My young heart, ever eager to please God and people, started to take what I was experiencing and filter it through what I was hearing in the teaching from my leader whom I deeply respected. I had many questions and started doubting if I should be leading it. I asked my cell leader about it, and he wisely said, “Linda, ask God what he wants you to do, and then do it.” That gave me some level of peace and freedom at the time, but looking back I can see the beginnings of a slow and steady undermining of my wonder-filled, open-hearted, limitless sense of God’s invitation to build the church and be a part of her mission on this earth.

Like an indomitable wood borer unseen, the ‘theology of men’ gradually nibbled away at my sense of mission and calling. Slowly, insidiously, it bore away at my core. It happened over many years of serving in Christian circles where one could do ‘this’ but not ‘that’ – as ‘that’ was more linked to authority and decision-making related to the well being of the church, and was clearly and ‘biblically’ for men only.

I write this with a heavy heart as I realise how theology trickles down into practice, whether tainted or whole, and if one is not aware and the practice is not overt, how damaging it can be over the long term. I realise now how subtle this undermining has been, often only recognised by a gnawing dissonance and sense that I had to play a different role in church to what had come naturally to me in the days when my heart and mind did not know the rules.

I have a deep love for the Church, always have and always will. I received prayer recently in a context of worship, where the man who prayed for me felt that there was an apostolic calling in me that had been dormant and ‘tolerated’ by me, instead of recognised, pursued and cheered on. I felt my heart leap inside of me. Something very long dead, buried and grieved, gave a little ‘kick’ of life – a desire to serve the Church in less broad, vague terms (as I do continue to serve the broader global church in many ways).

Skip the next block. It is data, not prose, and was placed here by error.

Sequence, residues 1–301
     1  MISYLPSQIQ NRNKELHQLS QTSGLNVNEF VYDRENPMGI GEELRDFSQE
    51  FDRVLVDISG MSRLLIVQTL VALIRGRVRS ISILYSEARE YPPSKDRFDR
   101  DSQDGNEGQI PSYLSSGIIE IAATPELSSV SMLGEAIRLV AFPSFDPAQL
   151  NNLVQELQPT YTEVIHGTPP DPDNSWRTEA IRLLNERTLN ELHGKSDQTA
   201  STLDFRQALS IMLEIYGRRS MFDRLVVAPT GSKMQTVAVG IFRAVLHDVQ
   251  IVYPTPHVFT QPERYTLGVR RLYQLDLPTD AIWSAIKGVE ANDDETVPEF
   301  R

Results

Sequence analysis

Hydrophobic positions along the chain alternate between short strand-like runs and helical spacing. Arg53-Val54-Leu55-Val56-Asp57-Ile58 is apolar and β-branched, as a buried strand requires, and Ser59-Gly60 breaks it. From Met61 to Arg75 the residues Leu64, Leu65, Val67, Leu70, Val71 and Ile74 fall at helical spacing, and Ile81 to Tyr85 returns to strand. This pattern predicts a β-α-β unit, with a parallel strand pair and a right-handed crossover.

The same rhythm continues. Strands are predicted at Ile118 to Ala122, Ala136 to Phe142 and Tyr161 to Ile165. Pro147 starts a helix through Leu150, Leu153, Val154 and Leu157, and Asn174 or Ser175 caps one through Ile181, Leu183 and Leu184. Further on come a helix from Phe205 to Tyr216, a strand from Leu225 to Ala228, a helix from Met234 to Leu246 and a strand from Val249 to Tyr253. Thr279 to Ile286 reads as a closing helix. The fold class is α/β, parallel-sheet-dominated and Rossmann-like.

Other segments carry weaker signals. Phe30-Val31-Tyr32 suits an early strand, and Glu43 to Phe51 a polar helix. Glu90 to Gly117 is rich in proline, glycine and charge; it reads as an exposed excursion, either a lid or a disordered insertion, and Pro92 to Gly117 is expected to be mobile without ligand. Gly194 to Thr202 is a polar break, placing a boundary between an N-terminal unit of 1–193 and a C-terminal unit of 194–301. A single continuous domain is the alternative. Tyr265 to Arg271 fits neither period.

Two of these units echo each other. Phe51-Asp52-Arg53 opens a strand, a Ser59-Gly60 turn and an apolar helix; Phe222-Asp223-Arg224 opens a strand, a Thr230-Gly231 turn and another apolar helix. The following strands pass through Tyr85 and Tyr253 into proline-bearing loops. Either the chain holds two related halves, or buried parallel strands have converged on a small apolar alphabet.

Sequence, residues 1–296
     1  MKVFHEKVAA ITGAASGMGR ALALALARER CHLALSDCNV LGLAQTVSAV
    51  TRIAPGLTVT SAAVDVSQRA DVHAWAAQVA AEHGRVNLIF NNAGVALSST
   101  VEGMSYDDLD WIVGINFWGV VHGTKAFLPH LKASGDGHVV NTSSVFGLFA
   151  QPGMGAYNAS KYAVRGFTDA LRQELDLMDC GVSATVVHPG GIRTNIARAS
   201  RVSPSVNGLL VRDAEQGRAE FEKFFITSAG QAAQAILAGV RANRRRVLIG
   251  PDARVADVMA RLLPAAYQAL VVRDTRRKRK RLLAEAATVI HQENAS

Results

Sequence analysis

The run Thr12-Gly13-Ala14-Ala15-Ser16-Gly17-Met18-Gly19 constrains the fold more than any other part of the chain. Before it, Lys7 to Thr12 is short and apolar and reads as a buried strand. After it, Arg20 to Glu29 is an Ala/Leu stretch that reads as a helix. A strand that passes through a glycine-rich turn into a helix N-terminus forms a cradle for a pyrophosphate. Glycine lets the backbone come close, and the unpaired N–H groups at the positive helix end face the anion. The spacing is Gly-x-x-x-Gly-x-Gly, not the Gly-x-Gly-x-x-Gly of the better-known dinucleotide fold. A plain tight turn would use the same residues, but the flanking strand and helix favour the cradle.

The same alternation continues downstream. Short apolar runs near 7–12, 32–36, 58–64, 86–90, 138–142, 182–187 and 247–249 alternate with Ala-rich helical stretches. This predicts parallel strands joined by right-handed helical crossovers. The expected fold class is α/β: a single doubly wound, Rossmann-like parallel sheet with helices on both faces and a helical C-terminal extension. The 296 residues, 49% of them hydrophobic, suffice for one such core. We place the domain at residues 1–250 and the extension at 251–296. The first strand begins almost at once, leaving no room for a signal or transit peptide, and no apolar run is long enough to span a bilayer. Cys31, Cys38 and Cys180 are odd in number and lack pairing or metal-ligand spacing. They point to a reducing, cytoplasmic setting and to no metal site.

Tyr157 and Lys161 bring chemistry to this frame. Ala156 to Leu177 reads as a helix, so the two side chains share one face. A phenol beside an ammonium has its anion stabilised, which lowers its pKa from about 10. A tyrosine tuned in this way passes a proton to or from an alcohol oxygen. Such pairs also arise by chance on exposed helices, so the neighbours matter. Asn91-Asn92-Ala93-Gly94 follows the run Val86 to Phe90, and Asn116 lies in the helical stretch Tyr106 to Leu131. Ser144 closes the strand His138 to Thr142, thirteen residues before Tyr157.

It flickered, not into a roaring fire, but into a small, teetering flame that I want to protect from being snuffed out again – not by others, but by me. I want to spend time with God whose heart was never for me to hide, looking back for a while, understanding more, forgiving, moving forward. I want to be so sure of how God sees me, that no theology of man can undermine my faith in who God created me to be, and the plans he has for my life. I want to say sorry for the years I believed this lie and stepped into the shadows.

A friend who was in the process of leaving her church community because of a difference in this understanding of Kingdom ministry, recently told me over breakfast that ‘life is too short to collude with bad theology’, and I agree. Now to move forward and let that flicker of invitation and hope for inner freedom, grow into something that impacts how I live this ‘second half’ of my life and journey with my Creator and Father and Lover of my soul.